found murdered near their home on the morning of July 5th: their bodies
were horribly mutilated. Although their father had been instrumental
in the prosecution and conviction of one of his white neighbors for
murder, that was not considered as a motive. A hue and cry was raised
that some Negro had committed rape and murder and a search was immediately
begun for a Negro. A bloodhound was put on the trail which he followed
to the river and into a boat of a fisherman named Gordon. This fisherman
said he had rowed a white man, or a very fair mulatto across the river
at six o’clock the evening before. The bloodhound was carried across
the river, took up the trail on the Missouri side, and ran about two
hundred yards to the cottage of a white farmer, and there lay down refusing
to go further.
Meanwhile a strange Negro had been arrested
in Sikestown, Missouri, and the authorities telegraphed that fact to
Bardwell, Kentucky. The sheriff, without requisition, escorted the prisoner
to the Kentucky side and turned him over to the authorities who accompanied
the mob. The prisoner was a man with dark brown skin; he said his name
was Miller and that he had never been in Kentucky. The fisherman who
had said the man he rowed over was white, when told by the sheriff that
he would be held responsible as knowing the guilty man, if he failed
to identify the prisoner, said Miller was the man. The mob wished to
burn him then, about ten o’clock in the morning, but Mr. Ray, the father
of the girls, with great difficulty urged them to wait till three o’clock
that afternoon. Confident of his innocence, Miller remained cool, while
hundreds of drunken, heavily armed men raged about him. He said: "My
name is C. J. Miller, I am from Springfield, Ill., my wife lives at
716 North Second Street. I am here among you today looked upon as one
of the most brutal men before the people. I stand here surrounded by
men who are excited; men who are not willing to let the law take its
course, and as far as the law is concerned, I have committed no crime,
and certainly no crime gross enough to deprive me of my life or liberty
to walk upon the green earth. I had some rings which I bought in Bismarck
of a Jew peddler. I paid him $4.50 for them. I left Springfield on the
first day of July and it came to Alton. From Alton I went to East St.
Louis, from there to Jefferson Barracks, thence to Poplar Bluff, thence
to Hoxie, to Jonesboro, and then on a local freight to Malden, from
there to Sikeston. On the 5th day of July, the day I was supposed to
have committed the offense, I was at Bismarck."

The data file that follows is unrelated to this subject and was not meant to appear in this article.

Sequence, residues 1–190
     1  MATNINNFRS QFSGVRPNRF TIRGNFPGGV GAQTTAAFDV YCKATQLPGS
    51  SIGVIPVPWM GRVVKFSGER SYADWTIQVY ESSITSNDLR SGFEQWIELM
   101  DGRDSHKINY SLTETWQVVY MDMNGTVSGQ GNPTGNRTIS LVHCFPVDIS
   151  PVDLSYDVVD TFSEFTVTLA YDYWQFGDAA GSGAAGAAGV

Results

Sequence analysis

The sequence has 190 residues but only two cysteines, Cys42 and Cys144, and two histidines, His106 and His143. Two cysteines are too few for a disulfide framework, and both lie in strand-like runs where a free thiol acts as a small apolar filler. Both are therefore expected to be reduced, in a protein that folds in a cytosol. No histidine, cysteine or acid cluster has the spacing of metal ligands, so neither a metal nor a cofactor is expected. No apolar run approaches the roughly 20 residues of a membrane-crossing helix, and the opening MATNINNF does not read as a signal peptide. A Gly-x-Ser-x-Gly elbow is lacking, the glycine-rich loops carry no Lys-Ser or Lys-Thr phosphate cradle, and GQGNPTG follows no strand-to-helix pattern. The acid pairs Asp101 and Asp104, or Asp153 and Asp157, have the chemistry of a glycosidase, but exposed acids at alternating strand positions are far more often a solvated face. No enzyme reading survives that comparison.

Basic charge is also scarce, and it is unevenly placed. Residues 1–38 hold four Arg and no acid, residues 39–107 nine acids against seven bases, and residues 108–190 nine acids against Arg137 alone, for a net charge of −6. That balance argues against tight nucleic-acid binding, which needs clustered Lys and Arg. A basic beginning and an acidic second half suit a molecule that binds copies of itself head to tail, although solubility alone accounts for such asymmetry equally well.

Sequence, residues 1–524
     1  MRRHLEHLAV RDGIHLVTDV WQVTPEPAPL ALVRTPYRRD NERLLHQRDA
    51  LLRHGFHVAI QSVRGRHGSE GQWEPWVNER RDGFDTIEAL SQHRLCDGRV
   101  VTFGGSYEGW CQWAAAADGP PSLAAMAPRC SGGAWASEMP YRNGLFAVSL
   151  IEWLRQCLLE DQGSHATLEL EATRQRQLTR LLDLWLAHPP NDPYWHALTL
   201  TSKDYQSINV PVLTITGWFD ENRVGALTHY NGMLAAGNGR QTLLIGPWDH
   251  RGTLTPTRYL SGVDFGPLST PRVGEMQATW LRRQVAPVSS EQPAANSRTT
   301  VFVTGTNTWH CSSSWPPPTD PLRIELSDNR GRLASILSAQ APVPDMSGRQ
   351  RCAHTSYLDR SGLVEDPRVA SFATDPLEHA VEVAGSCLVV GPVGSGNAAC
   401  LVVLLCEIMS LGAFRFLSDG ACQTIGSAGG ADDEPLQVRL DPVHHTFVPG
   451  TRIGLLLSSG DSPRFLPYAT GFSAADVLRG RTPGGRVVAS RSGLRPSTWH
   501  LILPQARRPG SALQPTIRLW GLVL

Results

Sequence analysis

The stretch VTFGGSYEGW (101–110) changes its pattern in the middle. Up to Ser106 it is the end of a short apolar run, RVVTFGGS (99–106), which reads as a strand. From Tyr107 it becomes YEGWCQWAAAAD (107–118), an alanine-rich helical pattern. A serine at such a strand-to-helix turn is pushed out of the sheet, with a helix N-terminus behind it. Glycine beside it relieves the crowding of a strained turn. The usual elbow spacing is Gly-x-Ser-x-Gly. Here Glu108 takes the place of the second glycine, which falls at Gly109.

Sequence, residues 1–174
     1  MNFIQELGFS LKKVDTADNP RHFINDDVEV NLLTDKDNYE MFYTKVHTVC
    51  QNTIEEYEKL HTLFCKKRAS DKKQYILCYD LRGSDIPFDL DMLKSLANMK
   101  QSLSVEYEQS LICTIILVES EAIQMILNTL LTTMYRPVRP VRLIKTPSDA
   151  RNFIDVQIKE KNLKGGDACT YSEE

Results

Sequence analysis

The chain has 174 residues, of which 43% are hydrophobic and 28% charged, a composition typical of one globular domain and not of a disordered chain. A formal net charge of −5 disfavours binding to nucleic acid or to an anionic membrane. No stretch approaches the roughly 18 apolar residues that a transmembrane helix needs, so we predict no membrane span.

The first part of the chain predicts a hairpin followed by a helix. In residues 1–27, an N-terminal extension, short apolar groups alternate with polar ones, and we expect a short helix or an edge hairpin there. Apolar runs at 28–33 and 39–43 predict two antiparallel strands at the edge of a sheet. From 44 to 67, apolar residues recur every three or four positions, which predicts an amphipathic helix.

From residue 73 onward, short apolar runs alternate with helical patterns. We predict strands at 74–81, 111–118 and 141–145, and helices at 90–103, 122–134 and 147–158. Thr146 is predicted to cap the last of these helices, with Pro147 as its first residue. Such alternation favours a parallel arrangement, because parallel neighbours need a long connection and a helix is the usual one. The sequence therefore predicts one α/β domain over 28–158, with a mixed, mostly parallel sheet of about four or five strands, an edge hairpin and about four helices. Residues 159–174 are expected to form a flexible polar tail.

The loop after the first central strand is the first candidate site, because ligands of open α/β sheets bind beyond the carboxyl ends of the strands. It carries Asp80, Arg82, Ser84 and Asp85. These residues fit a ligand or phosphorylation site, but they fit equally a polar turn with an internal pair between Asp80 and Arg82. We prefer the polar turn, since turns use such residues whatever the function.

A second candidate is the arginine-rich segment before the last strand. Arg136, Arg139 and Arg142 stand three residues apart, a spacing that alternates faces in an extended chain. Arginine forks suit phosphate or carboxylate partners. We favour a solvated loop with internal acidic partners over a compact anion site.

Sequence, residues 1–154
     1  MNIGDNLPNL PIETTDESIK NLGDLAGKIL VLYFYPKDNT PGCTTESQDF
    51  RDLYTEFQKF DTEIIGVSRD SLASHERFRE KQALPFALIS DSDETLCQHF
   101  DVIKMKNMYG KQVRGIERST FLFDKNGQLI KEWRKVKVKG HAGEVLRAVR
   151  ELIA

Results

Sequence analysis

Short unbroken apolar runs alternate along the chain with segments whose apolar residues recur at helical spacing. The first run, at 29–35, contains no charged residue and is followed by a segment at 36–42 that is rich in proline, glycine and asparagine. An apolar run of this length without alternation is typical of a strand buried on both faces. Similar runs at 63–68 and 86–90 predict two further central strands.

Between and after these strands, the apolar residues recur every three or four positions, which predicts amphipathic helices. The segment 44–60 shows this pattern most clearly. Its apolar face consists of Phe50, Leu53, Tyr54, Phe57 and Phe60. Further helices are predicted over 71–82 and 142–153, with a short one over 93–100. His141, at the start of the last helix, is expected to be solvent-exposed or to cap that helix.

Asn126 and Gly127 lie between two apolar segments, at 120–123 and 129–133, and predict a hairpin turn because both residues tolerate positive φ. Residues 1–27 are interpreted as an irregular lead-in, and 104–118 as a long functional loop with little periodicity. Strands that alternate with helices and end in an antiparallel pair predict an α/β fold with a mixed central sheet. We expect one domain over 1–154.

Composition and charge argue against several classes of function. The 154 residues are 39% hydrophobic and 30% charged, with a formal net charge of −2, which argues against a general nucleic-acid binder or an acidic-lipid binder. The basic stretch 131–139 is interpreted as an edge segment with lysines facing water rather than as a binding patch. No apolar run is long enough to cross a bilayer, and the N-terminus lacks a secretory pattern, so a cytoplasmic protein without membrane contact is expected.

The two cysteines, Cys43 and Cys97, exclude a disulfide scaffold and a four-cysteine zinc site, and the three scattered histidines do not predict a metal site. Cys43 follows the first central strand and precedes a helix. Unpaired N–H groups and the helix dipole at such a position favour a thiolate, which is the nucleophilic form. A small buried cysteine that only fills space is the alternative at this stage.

Failing in any way to connect Miller
with the crime, the mob decided to give him the benefit of the doubt
and hang, instead of burn him, as was first intended.
At 3 o’clock, the hour set for the execution, the mob rushed into the
jail, tore off Miller’s clothing and tied his shirt around his loins.
Some one said the rope was "a white man’s death," and a log-chain
nearly a hundred feet in length, weighing nearly a hundred pounds was
placed about his neck. He was led through the street in that condition
and hanged to a telegraph pole. After a photograph of him was taken
as he hung, his fingers and toes cut off, and his body otherwise horribly
mutilated, it was burned to ashes. This was done within twelve hours
after Miller was taken prisoner. Since his death, his assertions regarding
his movements have been proven true. But the mob refused the necessary
time for investigation.
No more appropriate close for this chapter
can be given than an editorial quotation from that most consistent and
outspoken journal the Inter-Ocean. Commenting on the many barbarous
lynchings of those months (June and July) in its issue of August 5th,
1893, it says:
"So long as it is known that there
is one charge against a man which calls for no investigation before
taking his life there will be mean men seeking revenge ready to make
that charge. Such a condition would soon destroy all law. It would not
be tolerated for a day by white men. But the Negroes have been so patient
under all their trials that men who no longer feel that they can safely
shot a Negro for attempting to exercise his right as a citizen at the
polls are ready to trump up any other charge that will give them the
excuse for their crime. It is a singular coincidence that as public
sentiment has been hurled against political murders there has been a
corresponding increase in lynchings on the charge of attacking white
women. The lynchings are conducted in much the same way that they were
by the Ku Klux Klans when Negroes were mobbed for attempting to vote.
The one great difference is in the cause which the mob assigns for its
The real need is for a public sentiment
in favor of enforcing the law and giving every man, white and black,
a fair hearing before the lawful tribunals. If the plan suggested by
the Charleston News and Courier will do this let it be done at once.
No one wants to shield a fiend guilty of these brutal attacks upon unprotected
women. But the Negro has as good a right to a fair trial as the white
man, and the South will not be free from these horrible crimes of mob
law so long as the better classes of citizens try to find excuse for
recognizing Judge Lynch."
***Ida B. Wells was an anti-lynching crusader a women’s rights activist a passionate crusader against racism a journalist and teacher who spoke out on
racial issues a civil rights pioneer and one of the founders of the NAACP.